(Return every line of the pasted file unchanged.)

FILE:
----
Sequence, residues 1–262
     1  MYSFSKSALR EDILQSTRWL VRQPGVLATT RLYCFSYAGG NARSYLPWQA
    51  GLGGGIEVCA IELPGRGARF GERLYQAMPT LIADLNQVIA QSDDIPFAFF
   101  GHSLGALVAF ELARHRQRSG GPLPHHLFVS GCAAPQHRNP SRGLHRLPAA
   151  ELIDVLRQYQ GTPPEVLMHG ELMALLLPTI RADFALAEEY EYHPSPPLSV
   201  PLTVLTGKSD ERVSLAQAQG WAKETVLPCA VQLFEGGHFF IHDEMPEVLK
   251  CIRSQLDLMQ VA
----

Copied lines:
Sequence, residues 1–262
     1  MYSFSKSALR EDILQSTRWL VRQPGVLATT RLYCFSYAGG NARSYLPWQA
    51  GLGGGIEVCA IELPGRGARF GERLYQAMPT LIADLNQVIA QSDDIPFAFF
   101  GHSLGALVAF ELARHRQRSG GPLPHHLFVS GCAAPQHRNP SRGLHRLPAA
   151  ELIDVLRQYQ GTPPEVLMHG ELMALLLPTI RADFALAEEY EYHPSPPLSV
   201  PLTVLTGKSD ERVSLAQAQG WAKETVLPCA VQLFEGGHFF IHDEMPEVLK
   251  CIRSQLDLMQ VA